In polycentric urban regions several distinct cities, none of which is dominant, cooperate and compete with each other to attract inhabitants and firms. In such settings city branding strategies do not solely affect one city, but the entire region. We examined how city branding in the face of ecological modernization, that is, delivering higher added economic value, while lowering environmental impacts, is playing out in the Dutch Randstad and the German Rhine-Ruhr. Our findings show that regional identity formation occurs at the sub-polycentric urban region level, coinciding more with (historical) economic profiles than with planning imaginaries. The Dutch cities profile themselves more along the lines of ecological modernization than their German counterparts. Differences between subregions within each polycentric urban region are also noticeable, where more industrialized regions, such as the Ruhr or southern Randstad focus on ‘green’, ‘liveable’ and ‘knowledge-oriented’, while cities with stronger knowledge-intensive sectors portray themselves as ‘smart’ or ‘sustainable’. Cities generally substantiate their profiles through projects, but a significant gap persists between reality and aspirations for improved environmental conditions. This is especially true for the Dutch cities, where many claims, but little visible action can be observed.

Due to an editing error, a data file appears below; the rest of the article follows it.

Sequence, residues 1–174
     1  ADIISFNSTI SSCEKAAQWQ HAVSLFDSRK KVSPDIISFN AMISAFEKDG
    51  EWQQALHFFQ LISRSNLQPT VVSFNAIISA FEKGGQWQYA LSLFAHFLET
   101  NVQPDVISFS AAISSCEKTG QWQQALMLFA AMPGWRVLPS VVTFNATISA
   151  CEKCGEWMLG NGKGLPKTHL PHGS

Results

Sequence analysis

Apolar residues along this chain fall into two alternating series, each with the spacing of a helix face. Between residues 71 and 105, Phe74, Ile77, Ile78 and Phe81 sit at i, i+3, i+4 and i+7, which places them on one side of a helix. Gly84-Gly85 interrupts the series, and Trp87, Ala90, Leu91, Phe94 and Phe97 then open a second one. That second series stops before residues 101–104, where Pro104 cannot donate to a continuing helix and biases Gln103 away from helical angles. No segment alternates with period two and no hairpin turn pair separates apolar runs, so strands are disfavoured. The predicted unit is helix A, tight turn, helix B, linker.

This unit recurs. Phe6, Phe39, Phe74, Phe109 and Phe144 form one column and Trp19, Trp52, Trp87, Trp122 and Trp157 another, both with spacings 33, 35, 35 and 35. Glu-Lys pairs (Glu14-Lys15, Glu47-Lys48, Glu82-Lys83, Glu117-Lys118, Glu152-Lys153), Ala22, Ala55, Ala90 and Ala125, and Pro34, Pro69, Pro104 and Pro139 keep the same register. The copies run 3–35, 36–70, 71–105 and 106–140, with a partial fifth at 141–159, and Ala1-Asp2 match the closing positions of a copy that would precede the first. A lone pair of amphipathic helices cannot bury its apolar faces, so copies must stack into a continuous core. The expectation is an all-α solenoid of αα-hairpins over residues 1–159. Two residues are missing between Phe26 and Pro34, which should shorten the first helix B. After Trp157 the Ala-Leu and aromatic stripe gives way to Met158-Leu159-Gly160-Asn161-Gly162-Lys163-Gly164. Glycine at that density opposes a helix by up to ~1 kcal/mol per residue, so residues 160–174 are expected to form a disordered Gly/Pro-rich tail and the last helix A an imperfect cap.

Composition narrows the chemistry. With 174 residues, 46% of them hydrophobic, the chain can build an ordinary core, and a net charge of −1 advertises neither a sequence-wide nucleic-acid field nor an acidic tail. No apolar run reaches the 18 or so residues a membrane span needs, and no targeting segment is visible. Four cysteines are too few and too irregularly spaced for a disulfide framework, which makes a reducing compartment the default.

Original languageEnglish
Pages (from-to)1-21
Number of pages21
JournalEuropean Planning Studies
Publication statusAccepted/In press - 10 Sep 2016

    Research areas

  • City branding, ecological modernization, polycentric urban regions, Randstad, Rhine-Ruhr

ID: 7140886